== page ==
Porsche springs on us the 2018 911 Carrera T.
Just when you think there can’t possibly be any more 911 variants—we’re already past the 20-car mark—Porsche springs on us the 2018 911 Carrera T.
Like the original, the modern 911 T, which starts delivery next March, starts off life as a base 911 but is then put through a weight-loss program. Lighter glass is used for the windows and some of the extras in the cabin, including the door handles, are removed. The resulting weight is 3,142 pounds.
Despite the lightweight ethos of the car, a few mechanical bits have been added. The list includes a shorter constant transaxle ratio, mechanical rear differential lock, PASM Sport adjustable suspension, sport exhaust system, and rear-wheel steering. That last one is available as an option and isn’t normally offered on a 911 Carrera variant.
Inside, you’ll find sport seats with “911” embroidered in the headrests. The interior trim on the dashboard and doors is in black, as are the new door opener loops (replacing the regular door handles), and for the steering wheel the designers have used Porsche’s Sport GT unit which integrates the driving modes selector. Buyers can also choose to fit bucket seats, which like the rear-wheel steering are being made available for the first time on a Carrera variant. Note, with this option Porsche also removes the rear seats.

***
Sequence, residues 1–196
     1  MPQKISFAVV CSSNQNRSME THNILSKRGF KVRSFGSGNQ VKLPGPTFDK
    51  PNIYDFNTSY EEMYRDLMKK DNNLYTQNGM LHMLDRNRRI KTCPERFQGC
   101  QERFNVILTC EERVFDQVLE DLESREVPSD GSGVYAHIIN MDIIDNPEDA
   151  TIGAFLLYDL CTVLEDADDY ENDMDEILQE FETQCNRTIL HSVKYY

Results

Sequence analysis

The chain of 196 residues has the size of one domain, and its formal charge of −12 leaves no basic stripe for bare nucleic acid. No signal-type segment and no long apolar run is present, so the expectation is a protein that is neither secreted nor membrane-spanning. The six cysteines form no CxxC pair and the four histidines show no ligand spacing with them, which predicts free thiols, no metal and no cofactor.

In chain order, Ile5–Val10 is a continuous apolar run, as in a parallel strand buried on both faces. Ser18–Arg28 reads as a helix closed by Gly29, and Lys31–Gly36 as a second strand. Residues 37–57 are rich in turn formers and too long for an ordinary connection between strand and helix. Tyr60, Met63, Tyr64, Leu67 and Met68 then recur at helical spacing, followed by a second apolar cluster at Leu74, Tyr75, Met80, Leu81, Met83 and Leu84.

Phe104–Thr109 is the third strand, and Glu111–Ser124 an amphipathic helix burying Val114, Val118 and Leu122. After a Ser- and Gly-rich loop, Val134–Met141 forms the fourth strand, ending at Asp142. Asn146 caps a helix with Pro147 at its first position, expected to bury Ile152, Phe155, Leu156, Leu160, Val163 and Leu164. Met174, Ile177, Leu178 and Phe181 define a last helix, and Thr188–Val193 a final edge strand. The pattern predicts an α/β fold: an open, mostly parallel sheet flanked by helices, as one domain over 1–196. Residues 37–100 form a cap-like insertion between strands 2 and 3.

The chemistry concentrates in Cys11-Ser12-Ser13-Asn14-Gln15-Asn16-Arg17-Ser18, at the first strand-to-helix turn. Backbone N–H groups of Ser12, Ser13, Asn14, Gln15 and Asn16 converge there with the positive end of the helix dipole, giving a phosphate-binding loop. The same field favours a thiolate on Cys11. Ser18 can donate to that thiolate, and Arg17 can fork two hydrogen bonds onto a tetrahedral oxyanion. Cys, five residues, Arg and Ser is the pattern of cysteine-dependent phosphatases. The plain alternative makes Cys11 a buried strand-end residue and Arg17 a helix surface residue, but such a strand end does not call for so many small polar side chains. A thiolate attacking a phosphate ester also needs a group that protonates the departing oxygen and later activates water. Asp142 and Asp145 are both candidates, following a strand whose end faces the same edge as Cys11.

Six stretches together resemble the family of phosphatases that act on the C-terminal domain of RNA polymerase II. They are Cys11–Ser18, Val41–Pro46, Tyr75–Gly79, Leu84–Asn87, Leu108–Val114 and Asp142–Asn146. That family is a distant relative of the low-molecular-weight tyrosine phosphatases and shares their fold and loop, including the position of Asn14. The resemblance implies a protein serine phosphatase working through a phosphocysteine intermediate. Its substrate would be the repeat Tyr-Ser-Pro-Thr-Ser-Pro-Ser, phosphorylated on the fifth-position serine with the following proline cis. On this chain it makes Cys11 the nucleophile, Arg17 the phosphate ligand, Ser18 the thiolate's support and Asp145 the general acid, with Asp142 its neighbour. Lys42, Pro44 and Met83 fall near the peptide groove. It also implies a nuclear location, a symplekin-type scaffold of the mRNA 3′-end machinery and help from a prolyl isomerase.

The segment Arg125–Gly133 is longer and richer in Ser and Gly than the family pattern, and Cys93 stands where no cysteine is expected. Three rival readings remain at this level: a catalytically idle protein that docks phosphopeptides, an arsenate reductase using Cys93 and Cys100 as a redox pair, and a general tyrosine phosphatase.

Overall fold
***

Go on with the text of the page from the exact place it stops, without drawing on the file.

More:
The engine is the latest Carrera’s 3.0-liter twin-turbocharged flat-6. Peak output is 370 horsepower and 339 pound-feet of torque, the latter of which is available in a broad range between 1,750 and 5,000 rpm. A manual with short throw shifter is standard but buyers have the option of a 7-speed dual-clutch transmission.
With the manual, you’re looking at 0-60 mph acceleration in 4.3 seconds. The DCT drops this to 4.0 seconds. The top speed is 182 mph with the manual and 180 mph with the DCT.
Porsche is currently accepting orders for the car whose starting price is $103,150, including destination.
This article, written by Viknesh Vijayenthiran, was originally published on MotorAuthority, an editorial partner of ClassicCars.com.